There are four unit types, each with common subtypes. These types and subtypes have armour and damage bonuses in a rock paper scissors style. The player has access to as much of this information as possible. I didn’t want a game which hid information, I wanted it to be obvious so the player can quickly figure things out.
Unit types also have different projectiles. The most basic unit type’s projectiles simply deal damage to the thing they’ve hit. More advanced types vary, some deal splash damage, other pass through multiple targets and so deal damage in a straight line, and others pass through everything to only deal damage to the target area.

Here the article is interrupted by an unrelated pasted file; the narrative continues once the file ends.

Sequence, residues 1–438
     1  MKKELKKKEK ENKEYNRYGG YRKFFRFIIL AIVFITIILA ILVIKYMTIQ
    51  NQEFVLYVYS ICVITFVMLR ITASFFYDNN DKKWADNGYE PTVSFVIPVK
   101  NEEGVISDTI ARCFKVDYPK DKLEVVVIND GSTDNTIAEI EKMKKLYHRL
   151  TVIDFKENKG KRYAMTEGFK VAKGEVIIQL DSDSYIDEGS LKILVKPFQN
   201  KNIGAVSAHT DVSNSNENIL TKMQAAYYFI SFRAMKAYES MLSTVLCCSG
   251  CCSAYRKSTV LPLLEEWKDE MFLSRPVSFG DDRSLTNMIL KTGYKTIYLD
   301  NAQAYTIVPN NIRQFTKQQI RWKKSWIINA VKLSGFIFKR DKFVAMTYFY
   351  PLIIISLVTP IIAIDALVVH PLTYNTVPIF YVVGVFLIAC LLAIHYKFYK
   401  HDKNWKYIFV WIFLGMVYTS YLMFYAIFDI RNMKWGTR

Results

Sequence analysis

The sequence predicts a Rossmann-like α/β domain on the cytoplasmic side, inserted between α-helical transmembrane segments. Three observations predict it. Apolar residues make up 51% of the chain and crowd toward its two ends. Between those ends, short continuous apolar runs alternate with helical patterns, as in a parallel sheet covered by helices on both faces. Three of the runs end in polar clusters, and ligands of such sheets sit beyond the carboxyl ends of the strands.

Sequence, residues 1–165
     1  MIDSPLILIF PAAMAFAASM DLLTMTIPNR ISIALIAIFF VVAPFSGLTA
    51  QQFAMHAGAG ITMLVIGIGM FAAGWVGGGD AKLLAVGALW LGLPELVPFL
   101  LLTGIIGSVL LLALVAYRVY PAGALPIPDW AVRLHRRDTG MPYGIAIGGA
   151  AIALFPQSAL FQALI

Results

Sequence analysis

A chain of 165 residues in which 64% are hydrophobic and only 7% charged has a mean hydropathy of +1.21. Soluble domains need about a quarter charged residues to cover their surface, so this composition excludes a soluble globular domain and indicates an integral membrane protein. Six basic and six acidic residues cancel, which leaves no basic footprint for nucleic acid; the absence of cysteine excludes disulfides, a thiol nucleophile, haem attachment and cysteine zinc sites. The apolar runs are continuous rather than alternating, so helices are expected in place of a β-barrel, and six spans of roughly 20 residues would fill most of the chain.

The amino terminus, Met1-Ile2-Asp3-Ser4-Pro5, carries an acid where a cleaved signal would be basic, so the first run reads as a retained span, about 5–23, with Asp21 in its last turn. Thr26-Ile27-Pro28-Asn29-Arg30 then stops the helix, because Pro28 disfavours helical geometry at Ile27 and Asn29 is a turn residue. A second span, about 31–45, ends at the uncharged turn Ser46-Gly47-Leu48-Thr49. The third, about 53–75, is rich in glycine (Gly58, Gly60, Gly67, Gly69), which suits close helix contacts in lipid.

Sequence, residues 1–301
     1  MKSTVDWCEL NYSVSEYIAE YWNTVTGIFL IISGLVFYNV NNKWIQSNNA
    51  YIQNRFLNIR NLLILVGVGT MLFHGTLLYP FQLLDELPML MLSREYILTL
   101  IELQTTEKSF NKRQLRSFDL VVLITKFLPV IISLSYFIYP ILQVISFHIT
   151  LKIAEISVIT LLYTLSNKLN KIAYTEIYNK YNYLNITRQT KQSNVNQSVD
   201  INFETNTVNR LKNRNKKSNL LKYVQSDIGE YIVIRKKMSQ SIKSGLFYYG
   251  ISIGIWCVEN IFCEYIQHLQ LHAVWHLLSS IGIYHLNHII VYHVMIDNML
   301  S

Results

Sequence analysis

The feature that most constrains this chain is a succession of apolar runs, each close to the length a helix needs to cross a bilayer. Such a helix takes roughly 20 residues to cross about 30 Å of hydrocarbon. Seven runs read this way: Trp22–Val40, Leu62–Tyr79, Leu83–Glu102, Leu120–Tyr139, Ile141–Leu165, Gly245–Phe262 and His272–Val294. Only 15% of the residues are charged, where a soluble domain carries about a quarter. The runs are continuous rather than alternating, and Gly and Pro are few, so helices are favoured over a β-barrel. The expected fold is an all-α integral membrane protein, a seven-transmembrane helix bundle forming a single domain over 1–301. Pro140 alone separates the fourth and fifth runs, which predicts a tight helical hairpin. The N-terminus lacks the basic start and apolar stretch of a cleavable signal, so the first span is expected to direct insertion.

The player can choose to change their unit’s combat stance. Aggressive by default, units normally shoot and chase any hostiles they can see. Defensive units will shoot but not move, and when units are told to Hold Fire they won’t do anything unless they’ve been told.
Units can use their ranged weapon or a melee weapon. When a unit engages another in melee it forces that target into melee. This can be useful if you want to deny an enemy unit the use of a powerful ranged weapon.
Players can choose to purchase super weapons, which can be picked up by anyone and enhance the unit’s ranged stats. If the unit using the weapon dies, it will be dropped and again can be picked up by anyone.